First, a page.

It started at an eye doctor's office.
I decided it was time for new glasses. Using the vision care benefit from my day job and the Health Savings Account debit card, I ended up with a stronger prescription designed to improve both my distance, reading and computer use vision. This time, I wanted a more contemporary/retro plastic frame look that is short of being called a hipster.
Instead, I looked at the mirror and thought of one person – Cary Grant.
Towards the end of his life, the elegant man with the elegant accent wore big plastic framed glasses and a completely white mane of hair. The new glasses certainly looked somewhat retro, different and big. However, those who know me know I am far from having any strand of hair on my head.
Still, I found myself in the face of aging – of starting to look old. Not exactly what you want from a member of the automobile media corps. Maybe "old" is not the right word. Nor does "aging" fit well here. Maybe "maturing" would work…but, Cary Grant?
It prompted a thought: I am actually old enough to remember some real classic automobiles!
Yes…but which ones? I suppose this calls for another Five Favorites of long, lost names of automobiles from the far recent past. I put together a group of five vehicles that somehow stood out for some odd reason. Perhaps because someone reminded of them…could be the case.
IMPERIAL: Let us just be clear here: This is not the rear-drive neo-Art Deco coupe remake introduced in the early 1980s. Nor was it the guzzied-up New Yorker from the early 1990s. This was the real thing, when Imperial was considered a brand and not just the Chrysler planted above the New Yorker Fifth Avenue. My childhood was pronounced by Elwood Engel's Lincoln Continental-influenced Imperials. In 1964, Chrysler's luxury brand had its second best year because of the change in styling direction. Eventually, this led the Fuselage era – 1969 to 1973. With Cadillac and Lincoln as common amongst American luxury car buyers, Imperials were quite special machines. By 1973, that special feeling was lost as the line was integrated with the Chrysler brand. For that moment, the luxury one got in an Imperial was indeed a world apart.
MGB: Before the Datsun 510, there was the British roadster. There were plenty of Triumph and MG lovers to go around, but somehow the latter became the more popular – by a nose. The MGB was British Leyland's best weapon in North America. Despite all the stories of quality and so forth, we loved MGBs. A friend in high school had one: A white late 1970s model with a white top and a black or red interior. It was not exactly a "Reseda car," but he was a bit of a cut above the typical Reseda High School student. Still, the MGB suited him at the time as it did for its owners. It was one of the classic roadsters that remained relevant almost to the end of its run.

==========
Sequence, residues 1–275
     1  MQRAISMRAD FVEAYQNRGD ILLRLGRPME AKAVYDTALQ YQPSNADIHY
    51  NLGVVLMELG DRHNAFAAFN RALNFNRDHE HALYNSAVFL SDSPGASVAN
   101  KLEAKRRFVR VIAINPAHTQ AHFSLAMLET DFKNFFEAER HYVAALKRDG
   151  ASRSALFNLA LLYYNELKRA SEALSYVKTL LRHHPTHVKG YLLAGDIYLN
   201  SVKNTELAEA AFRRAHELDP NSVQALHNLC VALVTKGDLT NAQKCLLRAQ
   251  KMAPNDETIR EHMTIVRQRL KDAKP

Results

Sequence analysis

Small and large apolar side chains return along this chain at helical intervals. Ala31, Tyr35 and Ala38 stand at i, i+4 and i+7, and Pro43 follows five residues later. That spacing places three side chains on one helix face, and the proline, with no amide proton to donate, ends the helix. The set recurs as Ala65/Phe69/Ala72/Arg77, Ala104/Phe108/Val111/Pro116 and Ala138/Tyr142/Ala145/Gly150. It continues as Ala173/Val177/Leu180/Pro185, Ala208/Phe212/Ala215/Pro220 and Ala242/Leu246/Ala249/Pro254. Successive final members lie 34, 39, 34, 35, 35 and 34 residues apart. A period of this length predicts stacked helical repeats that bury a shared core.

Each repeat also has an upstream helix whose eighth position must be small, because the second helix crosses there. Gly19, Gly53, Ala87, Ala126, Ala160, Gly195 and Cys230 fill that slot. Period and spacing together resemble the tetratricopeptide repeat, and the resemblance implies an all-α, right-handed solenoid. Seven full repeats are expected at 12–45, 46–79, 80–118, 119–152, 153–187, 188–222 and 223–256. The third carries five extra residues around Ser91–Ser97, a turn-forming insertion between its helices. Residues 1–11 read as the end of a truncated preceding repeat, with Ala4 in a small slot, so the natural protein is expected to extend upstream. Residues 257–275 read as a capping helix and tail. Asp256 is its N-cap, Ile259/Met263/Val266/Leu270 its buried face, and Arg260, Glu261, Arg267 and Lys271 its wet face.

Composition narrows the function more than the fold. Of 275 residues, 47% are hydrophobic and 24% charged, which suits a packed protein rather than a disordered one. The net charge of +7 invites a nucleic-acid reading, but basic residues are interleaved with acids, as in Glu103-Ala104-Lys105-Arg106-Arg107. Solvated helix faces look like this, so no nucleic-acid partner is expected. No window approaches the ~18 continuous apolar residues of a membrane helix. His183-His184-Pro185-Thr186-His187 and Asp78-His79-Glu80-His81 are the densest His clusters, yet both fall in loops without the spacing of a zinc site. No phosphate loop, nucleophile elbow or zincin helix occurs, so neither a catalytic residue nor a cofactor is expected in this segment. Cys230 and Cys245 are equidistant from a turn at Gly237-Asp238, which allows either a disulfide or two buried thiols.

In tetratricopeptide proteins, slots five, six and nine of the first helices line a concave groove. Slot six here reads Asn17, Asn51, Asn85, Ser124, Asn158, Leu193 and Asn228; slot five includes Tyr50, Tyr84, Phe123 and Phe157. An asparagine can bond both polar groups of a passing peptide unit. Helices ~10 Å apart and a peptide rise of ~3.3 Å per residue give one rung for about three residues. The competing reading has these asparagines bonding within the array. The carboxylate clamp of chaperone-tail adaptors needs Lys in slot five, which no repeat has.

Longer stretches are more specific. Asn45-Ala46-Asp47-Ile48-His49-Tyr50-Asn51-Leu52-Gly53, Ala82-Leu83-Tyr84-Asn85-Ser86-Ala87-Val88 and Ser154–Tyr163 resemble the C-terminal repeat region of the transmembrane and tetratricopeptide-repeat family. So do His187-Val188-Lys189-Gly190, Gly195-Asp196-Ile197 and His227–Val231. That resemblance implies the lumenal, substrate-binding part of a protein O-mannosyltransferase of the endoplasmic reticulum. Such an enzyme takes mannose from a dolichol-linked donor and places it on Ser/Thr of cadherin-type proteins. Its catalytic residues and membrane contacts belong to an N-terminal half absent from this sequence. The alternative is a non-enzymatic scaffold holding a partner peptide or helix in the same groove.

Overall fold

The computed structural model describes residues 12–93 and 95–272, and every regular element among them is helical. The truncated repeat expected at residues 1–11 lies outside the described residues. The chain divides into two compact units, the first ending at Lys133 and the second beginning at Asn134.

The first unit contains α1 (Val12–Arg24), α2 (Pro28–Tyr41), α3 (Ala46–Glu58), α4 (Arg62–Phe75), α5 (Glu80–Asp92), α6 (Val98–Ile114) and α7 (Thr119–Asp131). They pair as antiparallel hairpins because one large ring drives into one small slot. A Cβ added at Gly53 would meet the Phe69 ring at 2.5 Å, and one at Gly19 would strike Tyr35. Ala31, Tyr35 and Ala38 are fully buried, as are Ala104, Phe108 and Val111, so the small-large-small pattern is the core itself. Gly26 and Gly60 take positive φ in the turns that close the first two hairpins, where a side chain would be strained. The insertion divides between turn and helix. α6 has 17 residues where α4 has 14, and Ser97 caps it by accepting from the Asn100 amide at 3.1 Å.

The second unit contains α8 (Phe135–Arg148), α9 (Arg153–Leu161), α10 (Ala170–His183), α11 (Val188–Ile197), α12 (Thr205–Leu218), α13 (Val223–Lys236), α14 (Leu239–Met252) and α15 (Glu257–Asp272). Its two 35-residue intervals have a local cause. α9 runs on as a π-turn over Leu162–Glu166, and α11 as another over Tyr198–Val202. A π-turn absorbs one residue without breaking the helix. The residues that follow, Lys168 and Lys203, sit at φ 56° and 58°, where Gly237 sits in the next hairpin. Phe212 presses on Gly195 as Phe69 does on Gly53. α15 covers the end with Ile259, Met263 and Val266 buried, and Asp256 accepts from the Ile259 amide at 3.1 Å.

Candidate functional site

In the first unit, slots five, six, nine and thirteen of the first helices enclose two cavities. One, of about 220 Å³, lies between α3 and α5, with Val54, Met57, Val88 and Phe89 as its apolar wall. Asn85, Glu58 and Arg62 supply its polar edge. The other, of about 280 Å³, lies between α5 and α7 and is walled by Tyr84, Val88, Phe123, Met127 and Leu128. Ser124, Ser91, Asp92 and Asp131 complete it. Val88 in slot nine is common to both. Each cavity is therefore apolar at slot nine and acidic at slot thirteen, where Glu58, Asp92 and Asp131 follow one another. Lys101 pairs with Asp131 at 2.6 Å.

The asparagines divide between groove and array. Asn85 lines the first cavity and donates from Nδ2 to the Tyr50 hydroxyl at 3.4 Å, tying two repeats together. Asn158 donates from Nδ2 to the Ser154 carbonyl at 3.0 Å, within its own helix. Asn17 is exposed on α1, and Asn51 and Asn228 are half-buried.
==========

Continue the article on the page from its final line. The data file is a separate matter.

RENAULT LE CAR: How do you sell Le Cinq to us 'Muricans. Good question! Renault was on its own prior to the link-up with American Motors and had a handful of models available for our market. However, the city car – rather, the subcompact – was a bit of an anomaly to this country. You can thank the members of OPEC for giving Renault the open door to try to sell the Cinq to us. They called out version Le Car. Cute. The 5 was a cute car to begin with. It was quite practical and pretty specious for a little car. At least it carried over through the coupling in Southfield, before it went out in the middle of the Alliance/Encore rollout. Admittedly, the little Le Car was ahead of its time…especially when its successor is still one of the most popular models in Europe and our market is starting to embrace the subcompact.
PEUGEOT 505: The 504 before it was a breakthrough for the Old Lion. In the states, a strange twist came over the brand along with its global superstar. Instead of being on the level of Renault, Volkswagen and Fiat as more affordable Europeans against the Japanese, Peugeot went a bit upscale. In this country, Peugeot competed against Alfa Romeo, Audi, Volvo and Saab. Because of this twist, the 505 arrived priced a cut above the rest. Perhaps it was meant to be, as our version of the 505 was equipped luxuriously. Even more exotic was the ready availability of a turbodiesel engine with an automatic gearbox. Just like the 504, the 505 had a very long life – almost to the day Peugeot stopped selling automobiles in this country. Despite reports of reliability and quality, they actually were quite comfortable and enjoyable to drive. Makes us wish they remained here today.
ALFA ROMEO 2000 GTV: I love Alfas. This one is my favorite. There are many reasons why. First off, Giorgetto Giugiaro designed it – for Bertone. In fact, it is the only Bertone-designed car I truly love. The result is a proper four-place coupe with a silhouette that reminds you how practical this car can be. Add to the racing pedigree and you have the best 2+2 coupe of its time. Before the arguments begin, remember this is an Alfa. Better still, this is an Alfa before its acquisition by Fiat. The romance of the Giulia coupe has been forged by Alfa's ability to maximize the fun no matter the model designation. Luckily for America, the 2000 GTV represents absolute beauty as kit carves up curves, rumble down the Interstate and dominate race tracks in its wake. I would rather spend an extended period of time just looking at one.